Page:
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updated: Feb 19, 2011, 8:00 AM
By Sean Daly
I interviewed a new man, Francisco, for the job of pipe fitter. He was a little bald man with a look of agitation etched into his expression. During the interview he told me he had a few scrapes with the law, but he reassured me that it was behind him now, "I'm a good man, a hard working man, a Christian man." I thought he could do the job so I took him at his word, but he never said anything about his cooking.
I put him with a crew of three, welding pipefittings for oilrigs. At the end of his first week he asked me if he could have a company barbeque on a Friday.
"I like to share my food and my faith," he said. I didn't care much for his religion, but I didn't see any harm in it. I told him it was OK with me, and early Friday morning he showed up with his own barbeque and utensils in the back of his truck. As a kitchen he used one of the work bays that had become the unofficial storage are for broken down equipment and scrap metal.
Every Friday, from then on, Francisco cooked for all fifteen of us in the grime of it all. When some of us offered him money for the food he waved us off, instead he held out a box and told us anything we could contribute would go to his church and it would be gladly accepted. He always made us something different - carne asada, adobada, carnitas. He took great pride in his cooking. He told us, once, great cooking was a family tradition, and then grinned which he didn't do much. He soaked his own pinto beans overnight and got up early to cook them over a slow simmer. He brought his own pico de gallo, taking great care to remove all the bitter stems from the cilantro. He even made his own tortillas from masa. Once, I saw him kneading the corn colored doe with his open palms before his shift started. He only gave us authentic.
It became a Friday tradition. At the end of the week, we feasted on his succulent meats and tortillas, and he talked about the end of the world.
"No one knows the day or the hour, not even the angels in heaven," he said. He was enthusiast about both, and sometimes he would infuse end time theology along with commentary about his cooking techniques. I could see the passions stirred in the other crewmembers. Feeding their minds and stomachs embolden him.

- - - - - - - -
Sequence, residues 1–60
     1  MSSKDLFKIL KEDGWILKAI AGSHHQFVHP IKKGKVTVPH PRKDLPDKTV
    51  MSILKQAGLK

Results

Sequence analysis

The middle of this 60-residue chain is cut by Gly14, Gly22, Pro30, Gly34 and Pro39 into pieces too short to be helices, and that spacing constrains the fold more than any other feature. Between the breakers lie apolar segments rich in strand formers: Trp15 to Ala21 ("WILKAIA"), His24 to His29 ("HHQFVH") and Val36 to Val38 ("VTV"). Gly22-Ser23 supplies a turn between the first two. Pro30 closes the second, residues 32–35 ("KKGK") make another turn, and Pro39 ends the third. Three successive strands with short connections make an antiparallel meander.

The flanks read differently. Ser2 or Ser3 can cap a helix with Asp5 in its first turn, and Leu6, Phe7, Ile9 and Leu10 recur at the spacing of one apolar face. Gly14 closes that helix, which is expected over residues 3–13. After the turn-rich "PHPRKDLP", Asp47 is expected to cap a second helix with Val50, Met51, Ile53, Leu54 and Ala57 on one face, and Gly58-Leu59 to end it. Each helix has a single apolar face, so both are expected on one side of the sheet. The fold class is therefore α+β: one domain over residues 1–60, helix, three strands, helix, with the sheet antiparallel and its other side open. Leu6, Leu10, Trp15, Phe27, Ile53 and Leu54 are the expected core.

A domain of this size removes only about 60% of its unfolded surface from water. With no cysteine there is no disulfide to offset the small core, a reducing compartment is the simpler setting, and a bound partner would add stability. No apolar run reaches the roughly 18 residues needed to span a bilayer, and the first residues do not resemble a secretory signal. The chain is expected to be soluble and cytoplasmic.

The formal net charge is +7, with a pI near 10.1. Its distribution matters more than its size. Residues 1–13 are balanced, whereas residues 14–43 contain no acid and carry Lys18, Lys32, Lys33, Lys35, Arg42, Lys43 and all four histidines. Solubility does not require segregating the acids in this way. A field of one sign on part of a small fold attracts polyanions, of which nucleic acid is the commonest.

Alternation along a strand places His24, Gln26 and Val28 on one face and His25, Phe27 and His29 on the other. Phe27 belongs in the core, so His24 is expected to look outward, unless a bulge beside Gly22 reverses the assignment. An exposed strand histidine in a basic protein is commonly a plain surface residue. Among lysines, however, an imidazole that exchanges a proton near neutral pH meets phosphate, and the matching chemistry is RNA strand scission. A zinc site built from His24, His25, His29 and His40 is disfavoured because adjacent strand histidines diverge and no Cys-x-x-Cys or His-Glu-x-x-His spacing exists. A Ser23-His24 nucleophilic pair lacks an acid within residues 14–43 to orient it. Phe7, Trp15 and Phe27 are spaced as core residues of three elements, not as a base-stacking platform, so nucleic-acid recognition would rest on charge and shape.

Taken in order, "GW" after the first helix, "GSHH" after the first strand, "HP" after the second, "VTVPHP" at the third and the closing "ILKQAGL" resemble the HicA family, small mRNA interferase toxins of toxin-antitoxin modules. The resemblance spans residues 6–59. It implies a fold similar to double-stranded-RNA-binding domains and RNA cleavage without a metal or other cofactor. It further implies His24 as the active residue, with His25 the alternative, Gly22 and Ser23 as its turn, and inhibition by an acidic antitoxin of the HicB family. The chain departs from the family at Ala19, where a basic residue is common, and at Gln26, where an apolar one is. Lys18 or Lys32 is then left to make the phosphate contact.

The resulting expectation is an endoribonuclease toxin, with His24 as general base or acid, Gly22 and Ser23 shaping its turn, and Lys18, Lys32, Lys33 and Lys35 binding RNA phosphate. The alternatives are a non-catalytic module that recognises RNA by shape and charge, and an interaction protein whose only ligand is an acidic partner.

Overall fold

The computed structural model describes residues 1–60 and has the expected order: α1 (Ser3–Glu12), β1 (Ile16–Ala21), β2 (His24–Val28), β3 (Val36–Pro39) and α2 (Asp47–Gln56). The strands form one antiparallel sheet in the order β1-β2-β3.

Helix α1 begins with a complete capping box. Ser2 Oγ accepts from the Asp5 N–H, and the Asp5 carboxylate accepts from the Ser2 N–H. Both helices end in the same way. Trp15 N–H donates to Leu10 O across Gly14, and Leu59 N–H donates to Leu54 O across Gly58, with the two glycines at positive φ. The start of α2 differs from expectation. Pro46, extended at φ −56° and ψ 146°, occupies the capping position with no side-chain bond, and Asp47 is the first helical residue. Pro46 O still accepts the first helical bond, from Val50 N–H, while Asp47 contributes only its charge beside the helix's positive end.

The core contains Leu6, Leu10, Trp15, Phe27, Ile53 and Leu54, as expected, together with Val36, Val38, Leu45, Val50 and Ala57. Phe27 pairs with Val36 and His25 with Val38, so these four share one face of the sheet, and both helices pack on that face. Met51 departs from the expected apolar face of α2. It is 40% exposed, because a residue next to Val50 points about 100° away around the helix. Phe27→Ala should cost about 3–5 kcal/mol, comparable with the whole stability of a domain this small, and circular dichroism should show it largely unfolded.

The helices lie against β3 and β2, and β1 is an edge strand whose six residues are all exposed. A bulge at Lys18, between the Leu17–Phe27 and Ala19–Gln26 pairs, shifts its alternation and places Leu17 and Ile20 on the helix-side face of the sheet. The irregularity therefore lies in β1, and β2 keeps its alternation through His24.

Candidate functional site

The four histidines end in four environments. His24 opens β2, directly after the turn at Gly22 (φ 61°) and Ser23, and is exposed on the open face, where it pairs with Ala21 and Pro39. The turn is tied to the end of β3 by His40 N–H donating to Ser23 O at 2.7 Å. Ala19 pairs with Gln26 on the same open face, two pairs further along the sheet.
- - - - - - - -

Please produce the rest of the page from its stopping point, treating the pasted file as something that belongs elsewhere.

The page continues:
One Friday he stood up and looked at us very seriously, "On that night, two will be sleeping, one will be taken and one left behind," his tone was hushed, but then, after a long pause his café colored eyes lit up with cheer, "this is a lime from my own tree!" He said, and he squeezed it over a small mound of carne asada that had been topped with chopped onions and salsa.
Every Friday around eleven thirty, the buzz would begin: What was Francisco going to make this time? But Francisco would never tell us. He kept it close to the vest. Then the propane went on and he started preparing the grill, the guys would look up from their work area and lift their noses with anticipation. When Francisco brought out his bible most of the guys couldn't stop themselves from salivating. The grip he was beginning to have on the crew worried me. They were mesmerized not only by his foods, but also by his words. Soon they would be eating out of his hand. The shops usual sedated harmony had been replaced by a new sense of anticipation and excitement.
One Friday he bought a vat of oil, cabbage, and some white fish. When the oil came to a boil he dropped in some batter soaked tilapia. Then he placed it on top of a tortilla with cabbage and a white sauce that had the texture of yogurt. The crew ate with joy and listened attentively as he talked about the end times.
"Just as I am standing here, Jesus will come back," he said. "Not as a lamb, but as a lion."
"Never mind the second coming, how about a second helping," a welder named Brad yelled out. Everyone laughed, but Francisco could not bring himself to smile. He was locked into a stare down with Brad when I returned to my office. I walked past the vacant bays and walked up the steps to my loft. It was then that I heard the commotion from the shop floor. I raced back down the wooden stairs and heard yelling and scuffling. I looked up and Francisco and Brad were pushing each other. It looked like they were entangled in some kind of two-step that seemed sure to lead to violence in the mid day heat. Before I could get to the barbeque area, Francisco had landed a haymaker to Brad's nose. The other's quickly pulled them apart. Brad's hair was disheveled and he looked a bit stunned. I went to get between them, yelling.